Phone carrier O2 is said to be readying a previously unseen product, the Helen. According to the Arabic-language site ce4arab, the phone is a successor to the Xda Stealth, and should run Windows Mobile 6 off a 520MHz processor with 64MB of RAM and 256MB of ROM. Extra storage comes in the form of microSD cards. Broadband comes in the form of EDGE and UMTS, the latter allowing video calls from a VGA front-mounted camera; a two-megapixel unit on the back performs more standard functions.
Fujitsu is preparing the FMV-T8140, a 12.1-inch tablet/laptop PC that is notable for several reasons. It is for instance extremely light, weighing just 3.3 pounds compared to other laptops closer to four. It is also able to fit 16 or 32GB of SSD (flash) storage, or alternately, 30 to 80GB of regular hard drive space. The default battery life is a lengthy 7.5 hours, but Fujitsu claims this can be extended to 11.3 hours through a separate battery pack.
Viewsonic today used the opportunity of an education expo to update its Value Series LCDs with three new models. The two high-end models, the 19-inch widescreen VA1916w and the standard-ratio VA916, each bring dynamic contrast to a segment that rarely gets such an option: the backlight can automatically dim to raise the contrast ratio up to 2,000:1 for bolder colors. Each is also quick enough for games and movies with 5ms pixel response, according to ViewSonic's estimates. Brightness is rated at 300 nits. A third display, the 17-inch VA1716w, relies on a static 500:1 contrast ratio and 250-nit brightness but adopts the widescreen format for movie watchers or two-page spreads.
AlphaSmart has announced an upgrade to its NEO educational computer, the NEO 2. As with the original NEO, the primary purpose of the NEO 2 is classmroom tasks such as keyboarding, writing and quizzes, with Internet access being deliberately removed -- since it may lure students into games, web browsing or instant messaging. The NEO 2 introduces wireless interaction by way of an RF transmitter, which on a simple level enables tasks such as printing remotely, but can also be used for assigning quizzes and receiving instant feedback. Schools will be able to order the computer in August, although the Accelerated Reader SmartApplet will only gain wireless quiz support in March of 2008.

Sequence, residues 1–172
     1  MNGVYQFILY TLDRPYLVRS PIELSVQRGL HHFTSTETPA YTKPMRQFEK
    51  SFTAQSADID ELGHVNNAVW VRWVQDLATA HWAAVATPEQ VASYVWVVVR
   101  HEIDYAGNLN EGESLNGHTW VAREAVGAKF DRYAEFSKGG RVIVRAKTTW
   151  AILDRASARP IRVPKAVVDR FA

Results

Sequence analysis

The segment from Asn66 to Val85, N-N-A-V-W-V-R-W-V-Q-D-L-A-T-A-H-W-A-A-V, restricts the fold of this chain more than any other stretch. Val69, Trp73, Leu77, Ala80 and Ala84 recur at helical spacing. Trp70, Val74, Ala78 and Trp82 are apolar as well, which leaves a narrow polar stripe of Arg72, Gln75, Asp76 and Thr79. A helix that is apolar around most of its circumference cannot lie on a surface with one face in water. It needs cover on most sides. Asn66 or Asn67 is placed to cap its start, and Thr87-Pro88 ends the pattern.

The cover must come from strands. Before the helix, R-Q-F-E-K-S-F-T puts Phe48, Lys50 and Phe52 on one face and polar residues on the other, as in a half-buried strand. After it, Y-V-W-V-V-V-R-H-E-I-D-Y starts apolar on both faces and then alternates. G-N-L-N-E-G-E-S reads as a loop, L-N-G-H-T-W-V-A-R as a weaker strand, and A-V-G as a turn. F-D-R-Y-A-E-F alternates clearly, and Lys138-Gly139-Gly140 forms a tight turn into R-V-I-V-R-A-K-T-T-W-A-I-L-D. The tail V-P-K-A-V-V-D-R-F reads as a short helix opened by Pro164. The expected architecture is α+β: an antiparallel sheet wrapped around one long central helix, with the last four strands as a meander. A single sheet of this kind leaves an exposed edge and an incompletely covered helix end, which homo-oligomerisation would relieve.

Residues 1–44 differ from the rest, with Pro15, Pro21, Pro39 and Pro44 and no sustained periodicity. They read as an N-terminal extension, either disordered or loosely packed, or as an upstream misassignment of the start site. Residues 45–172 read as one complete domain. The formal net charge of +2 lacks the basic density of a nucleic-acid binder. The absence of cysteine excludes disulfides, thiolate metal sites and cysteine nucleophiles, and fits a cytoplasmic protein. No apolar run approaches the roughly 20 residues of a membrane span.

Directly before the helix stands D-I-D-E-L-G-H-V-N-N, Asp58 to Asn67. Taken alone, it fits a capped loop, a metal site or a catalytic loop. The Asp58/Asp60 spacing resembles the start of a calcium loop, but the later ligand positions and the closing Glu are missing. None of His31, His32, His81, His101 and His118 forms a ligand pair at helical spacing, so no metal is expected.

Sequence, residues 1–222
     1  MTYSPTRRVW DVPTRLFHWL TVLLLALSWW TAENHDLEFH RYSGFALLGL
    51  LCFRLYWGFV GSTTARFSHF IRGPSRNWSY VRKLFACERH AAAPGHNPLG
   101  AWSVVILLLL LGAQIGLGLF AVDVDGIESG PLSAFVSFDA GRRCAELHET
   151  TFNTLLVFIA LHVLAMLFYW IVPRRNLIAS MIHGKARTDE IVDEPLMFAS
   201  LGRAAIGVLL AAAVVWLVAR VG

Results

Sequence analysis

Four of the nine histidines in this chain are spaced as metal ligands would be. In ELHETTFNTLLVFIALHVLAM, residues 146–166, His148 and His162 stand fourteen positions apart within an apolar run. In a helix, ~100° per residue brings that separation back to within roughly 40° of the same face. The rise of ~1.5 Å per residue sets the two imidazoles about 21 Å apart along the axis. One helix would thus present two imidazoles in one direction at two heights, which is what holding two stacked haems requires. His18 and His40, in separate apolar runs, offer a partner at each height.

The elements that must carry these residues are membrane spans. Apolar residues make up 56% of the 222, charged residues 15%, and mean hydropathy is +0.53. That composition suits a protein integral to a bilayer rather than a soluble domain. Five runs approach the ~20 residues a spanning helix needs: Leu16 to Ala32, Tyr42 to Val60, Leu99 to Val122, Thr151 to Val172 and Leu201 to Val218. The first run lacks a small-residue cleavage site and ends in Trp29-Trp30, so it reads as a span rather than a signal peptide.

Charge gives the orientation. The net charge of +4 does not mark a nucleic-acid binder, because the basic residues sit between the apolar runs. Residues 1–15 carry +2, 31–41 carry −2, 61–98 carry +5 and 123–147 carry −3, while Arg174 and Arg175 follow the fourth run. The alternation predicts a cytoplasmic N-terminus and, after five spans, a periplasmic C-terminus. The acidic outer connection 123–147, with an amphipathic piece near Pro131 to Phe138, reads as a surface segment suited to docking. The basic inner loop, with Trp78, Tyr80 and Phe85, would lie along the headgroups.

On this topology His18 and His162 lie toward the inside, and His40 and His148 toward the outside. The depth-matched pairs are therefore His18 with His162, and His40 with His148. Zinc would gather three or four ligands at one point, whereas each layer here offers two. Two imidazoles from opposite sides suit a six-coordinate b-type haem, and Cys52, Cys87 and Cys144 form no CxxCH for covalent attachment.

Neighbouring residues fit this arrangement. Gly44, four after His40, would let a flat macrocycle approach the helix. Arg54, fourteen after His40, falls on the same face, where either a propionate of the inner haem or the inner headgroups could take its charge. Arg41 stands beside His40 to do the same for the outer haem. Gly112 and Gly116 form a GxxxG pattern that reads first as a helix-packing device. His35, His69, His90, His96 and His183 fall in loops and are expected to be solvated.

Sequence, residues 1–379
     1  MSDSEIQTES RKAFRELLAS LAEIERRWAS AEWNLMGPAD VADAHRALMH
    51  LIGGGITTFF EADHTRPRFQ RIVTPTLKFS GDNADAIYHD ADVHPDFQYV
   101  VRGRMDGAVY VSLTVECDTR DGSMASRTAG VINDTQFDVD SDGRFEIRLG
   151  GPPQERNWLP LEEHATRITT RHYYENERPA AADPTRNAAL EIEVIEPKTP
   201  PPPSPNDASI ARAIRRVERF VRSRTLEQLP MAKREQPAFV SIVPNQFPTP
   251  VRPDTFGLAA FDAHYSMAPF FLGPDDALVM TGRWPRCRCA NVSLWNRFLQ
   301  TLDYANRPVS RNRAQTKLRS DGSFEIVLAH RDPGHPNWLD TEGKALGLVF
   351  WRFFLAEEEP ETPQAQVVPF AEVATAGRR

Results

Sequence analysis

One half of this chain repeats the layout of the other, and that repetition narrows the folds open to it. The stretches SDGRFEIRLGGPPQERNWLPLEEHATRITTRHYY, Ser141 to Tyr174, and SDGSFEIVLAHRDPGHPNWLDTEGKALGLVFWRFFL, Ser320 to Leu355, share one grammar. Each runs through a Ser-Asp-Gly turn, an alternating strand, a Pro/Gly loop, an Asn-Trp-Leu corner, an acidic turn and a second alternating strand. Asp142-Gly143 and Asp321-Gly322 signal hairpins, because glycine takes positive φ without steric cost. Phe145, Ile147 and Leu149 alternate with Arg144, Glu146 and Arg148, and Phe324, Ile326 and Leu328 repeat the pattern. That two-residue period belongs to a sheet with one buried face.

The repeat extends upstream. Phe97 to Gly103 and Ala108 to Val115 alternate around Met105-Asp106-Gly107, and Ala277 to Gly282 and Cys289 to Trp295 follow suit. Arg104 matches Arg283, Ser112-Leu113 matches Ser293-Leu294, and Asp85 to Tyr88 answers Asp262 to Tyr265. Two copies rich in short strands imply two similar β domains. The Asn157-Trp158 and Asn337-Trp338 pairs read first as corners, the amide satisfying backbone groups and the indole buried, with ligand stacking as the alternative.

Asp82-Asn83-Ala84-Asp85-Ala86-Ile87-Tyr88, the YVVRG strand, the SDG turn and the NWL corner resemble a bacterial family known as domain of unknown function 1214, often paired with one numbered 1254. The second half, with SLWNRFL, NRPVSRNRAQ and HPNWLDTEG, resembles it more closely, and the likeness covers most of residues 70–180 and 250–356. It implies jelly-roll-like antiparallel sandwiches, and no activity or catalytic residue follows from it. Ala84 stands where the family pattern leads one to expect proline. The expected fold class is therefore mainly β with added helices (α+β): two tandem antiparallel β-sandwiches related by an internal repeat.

Online gambling firm BetUS has calculated some of the odds for the iPhone's success, the company revealed today. Giving the same attention to the device that it normally would to sports, the betting house has calculated several factors that could determine its success or failure. Certain outcomes are already fairly likely, BetUS says. Stock value is 1:2 likely to spike by 10 percent or more the next trading day. Odds are also 5:6 that the phone will sell 12 million units in 2008; these chances also carry over to the iPhone's sales in the first month, which BetUS claims are equally likely (5:6) to climb over or dip under 1.2 million units in July.
Plaxo today revamped its sync platform with Plaxo 3, a new version of its tool that brings contacts and calendars to multiple systems. The new version unifies not only Internet-only services such as Google Calendar and Yahoo but also disparate Mac OS X and Windows systems: Address Book, iCal, and other services from the former can pair up their data with Windows systems running Outlook or Windows Mail as well as many smartphones. A new feature dubbed the Sync Dashboard helps expand the number of platforms in sync just by adding new endpoints; users can also now use a feature titled Plaxo Pulse to make sure all platforms are up to date on friends' Flickr photo updates, Amazon lists, and contact changes.